Apple Inc. (NASDAQ:AAPL)’s e-books antitrust appeal court proceedings appear to be in favor of the Cupertino, California company. Department of Justice lawyer Malcolm Stewart endured tough questioning from the judges of the 2nd U.S. Circuit Court of Appeals in New York, under which jurisdiction Apple’s appeal is being heard. Circuit Judge Dennis Jacobs, who sees Apple’s agreements with major publishers as defeating a dominant market player’s pricing techniques, particularly asked why it is wrong for publishers to band together to break free from a “monopolist’s hold”. The “monopolist” being referred to in this case is Amazon.com, Inc. (NASDAQ:AMZN), which, prior to Apple’s entry to the e-books industry, has set e-books prices and held 90 percent share of the market.
A commentary in Fortune, quoting Roger Parloff, notes that the appellate court seemed to be concerned that the 2013 decision by Judge Cote against Apple Inc. (NASDAQ:AAPL) have used the wrong standard, favoring the tech giant’s argument that the said decision is a “radical departure” from modern antitrust law. According to Judge Jacobs, Apple as a new entrant to the e-books industry would bring competition to the market, at a time when Amazon as a dominant player has fixed e-book prices at $9.99, which he sees as “predatory pricing”.
Apple Inc. (NASDAQ:AAPL)’s entry into the ebook market in 2009, at a time it was launching the iPad, provided a way for publishers to balance prices between e-books and print books, according to the Wall Street Journal. Apple’s “agency model” allowed publishers to set their prices, with Apple selling their e-books at 30 percent commission rate. In contrast, Amazon’s “wholesale model”, which it initiated through its Kindle, gave it a leeway to sell e-books at lower costs, as loss leaders, making publishers worried about its effect on the sale of their print books.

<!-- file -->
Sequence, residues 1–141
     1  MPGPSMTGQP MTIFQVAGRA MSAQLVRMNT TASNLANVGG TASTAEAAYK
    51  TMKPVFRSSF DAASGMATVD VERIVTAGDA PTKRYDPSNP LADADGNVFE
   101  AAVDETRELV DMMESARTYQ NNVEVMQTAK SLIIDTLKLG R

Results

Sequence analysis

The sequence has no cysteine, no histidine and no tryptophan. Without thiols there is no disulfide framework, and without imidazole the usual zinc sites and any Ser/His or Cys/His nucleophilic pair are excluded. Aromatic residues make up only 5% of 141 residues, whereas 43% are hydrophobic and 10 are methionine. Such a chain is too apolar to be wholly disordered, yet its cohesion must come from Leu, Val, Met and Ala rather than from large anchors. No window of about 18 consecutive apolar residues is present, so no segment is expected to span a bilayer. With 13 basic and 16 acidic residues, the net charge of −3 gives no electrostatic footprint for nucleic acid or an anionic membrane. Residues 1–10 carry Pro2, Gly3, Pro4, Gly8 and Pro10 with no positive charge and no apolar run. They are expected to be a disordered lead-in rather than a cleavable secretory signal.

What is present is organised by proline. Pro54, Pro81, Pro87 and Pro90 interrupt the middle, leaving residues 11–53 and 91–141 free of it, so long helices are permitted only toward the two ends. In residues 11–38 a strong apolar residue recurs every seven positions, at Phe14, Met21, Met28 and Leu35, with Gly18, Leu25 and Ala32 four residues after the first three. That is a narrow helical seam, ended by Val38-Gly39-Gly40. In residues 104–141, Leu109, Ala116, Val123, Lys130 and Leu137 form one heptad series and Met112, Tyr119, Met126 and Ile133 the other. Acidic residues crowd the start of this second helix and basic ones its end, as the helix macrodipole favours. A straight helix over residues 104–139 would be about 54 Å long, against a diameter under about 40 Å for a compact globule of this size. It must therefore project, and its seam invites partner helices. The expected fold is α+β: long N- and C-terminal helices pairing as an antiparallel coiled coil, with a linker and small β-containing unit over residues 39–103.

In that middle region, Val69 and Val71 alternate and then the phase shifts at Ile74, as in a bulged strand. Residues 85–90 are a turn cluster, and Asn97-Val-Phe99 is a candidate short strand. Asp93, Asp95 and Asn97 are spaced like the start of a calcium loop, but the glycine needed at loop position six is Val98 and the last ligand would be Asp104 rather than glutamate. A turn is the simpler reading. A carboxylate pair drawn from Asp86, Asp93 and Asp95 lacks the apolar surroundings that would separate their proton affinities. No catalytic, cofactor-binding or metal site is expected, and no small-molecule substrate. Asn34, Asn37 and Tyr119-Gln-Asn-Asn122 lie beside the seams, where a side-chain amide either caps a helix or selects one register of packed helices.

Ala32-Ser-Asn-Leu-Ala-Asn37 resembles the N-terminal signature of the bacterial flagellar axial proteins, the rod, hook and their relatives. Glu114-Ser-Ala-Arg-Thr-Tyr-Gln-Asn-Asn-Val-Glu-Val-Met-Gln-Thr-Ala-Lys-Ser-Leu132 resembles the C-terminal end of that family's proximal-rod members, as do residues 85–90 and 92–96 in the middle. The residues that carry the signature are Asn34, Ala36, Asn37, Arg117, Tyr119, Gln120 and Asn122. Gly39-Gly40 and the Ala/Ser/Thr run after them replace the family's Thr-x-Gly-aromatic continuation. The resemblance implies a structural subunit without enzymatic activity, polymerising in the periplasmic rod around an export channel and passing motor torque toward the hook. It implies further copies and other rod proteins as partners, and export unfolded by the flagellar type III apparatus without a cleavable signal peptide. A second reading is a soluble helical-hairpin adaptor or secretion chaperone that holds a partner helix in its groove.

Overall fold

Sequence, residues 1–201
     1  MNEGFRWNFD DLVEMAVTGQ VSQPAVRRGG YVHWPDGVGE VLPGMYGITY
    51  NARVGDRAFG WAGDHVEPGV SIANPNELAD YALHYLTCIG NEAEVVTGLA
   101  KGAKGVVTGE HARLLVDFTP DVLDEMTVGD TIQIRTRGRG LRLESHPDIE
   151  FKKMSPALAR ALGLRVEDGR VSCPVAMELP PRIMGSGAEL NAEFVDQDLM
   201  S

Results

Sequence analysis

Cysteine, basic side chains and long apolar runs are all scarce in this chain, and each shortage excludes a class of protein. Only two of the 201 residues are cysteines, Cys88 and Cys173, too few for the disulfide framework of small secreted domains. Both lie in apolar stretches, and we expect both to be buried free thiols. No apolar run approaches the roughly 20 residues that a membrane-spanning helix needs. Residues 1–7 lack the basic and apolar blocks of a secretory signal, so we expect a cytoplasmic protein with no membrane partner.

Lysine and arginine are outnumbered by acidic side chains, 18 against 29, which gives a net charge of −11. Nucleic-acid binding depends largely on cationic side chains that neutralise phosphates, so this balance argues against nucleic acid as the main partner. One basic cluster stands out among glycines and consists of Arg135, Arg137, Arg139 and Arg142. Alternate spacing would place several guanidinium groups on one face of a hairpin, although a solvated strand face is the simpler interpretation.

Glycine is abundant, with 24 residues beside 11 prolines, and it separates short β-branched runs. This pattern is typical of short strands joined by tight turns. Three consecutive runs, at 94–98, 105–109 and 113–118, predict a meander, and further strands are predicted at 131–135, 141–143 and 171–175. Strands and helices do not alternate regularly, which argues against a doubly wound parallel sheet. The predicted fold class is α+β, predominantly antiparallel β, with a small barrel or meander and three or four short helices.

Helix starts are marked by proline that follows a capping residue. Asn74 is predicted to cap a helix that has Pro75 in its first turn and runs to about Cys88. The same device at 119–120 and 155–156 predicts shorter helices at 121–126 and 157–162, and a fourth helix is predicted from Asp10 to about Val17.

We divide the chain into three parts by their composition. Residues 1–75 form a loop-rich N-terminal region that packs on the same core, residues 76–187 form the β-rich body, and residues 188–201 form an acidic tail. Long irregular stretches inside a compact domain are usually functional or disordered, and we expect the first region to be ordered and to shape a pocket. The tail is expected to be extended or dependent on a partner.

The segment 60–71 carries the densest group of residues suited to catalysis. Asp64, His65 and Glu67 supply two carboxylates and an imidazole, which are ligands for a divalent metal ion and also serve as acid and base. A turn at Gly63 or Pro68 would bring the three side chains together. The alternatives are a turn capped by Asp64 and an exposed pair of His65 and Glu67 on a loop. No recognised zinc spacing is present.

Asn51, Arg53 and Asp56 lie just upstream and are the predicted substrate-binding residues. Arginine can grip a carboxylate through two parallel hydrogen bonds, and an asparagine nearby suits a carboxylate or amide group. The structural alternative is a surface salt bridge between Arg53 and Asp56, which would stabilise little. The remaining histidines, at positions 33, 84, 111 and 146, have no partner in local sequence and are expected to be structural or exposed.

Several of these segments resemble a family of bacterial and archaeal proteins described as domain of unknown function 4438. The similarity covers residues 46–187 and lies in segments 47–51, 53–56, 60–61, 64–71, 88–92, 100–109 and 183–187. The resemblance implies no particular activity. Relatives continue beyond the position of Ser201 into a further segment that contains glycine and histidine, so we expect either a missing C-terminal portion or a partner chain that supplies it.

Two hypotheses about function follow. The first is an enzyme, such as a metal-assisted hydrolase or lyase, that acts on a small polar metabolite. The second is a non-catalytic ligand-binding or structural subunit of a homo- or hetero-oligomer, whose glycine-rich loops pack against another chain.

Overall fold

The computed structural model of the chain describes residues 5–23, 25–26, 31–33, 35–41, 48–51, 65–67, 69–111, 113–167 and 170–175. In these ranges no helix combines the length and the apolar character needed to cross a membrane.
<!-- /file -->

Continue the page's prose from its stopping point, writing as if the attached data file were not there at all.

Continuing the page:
For its part, the government argues that Apple Inc. (NASDAQ:AAPL) has caused the rise of e-book prices from Amazon’s $9.99 to $12.99 or $14.99. Apple’s lawyer Theodore Boutrous contended that the company’s entry into the e-book market was in fact pro-competitive and innovative. To Apple’s advantage, Circuit Judge Debra Livingston sees it “troubling” that the company’s “perfectly legal” contracts with publishers have been subject to allegations of scheming. A favorable decision on the appeal would free Apple from paying the $450 million settlement cost charged against it by Judge Cote’s earlier decision. On the other hand, an adversarial decision would make the amount available for the 33 attorneys general and class consumer lawyers.
This article has been written by Nonito Guntan.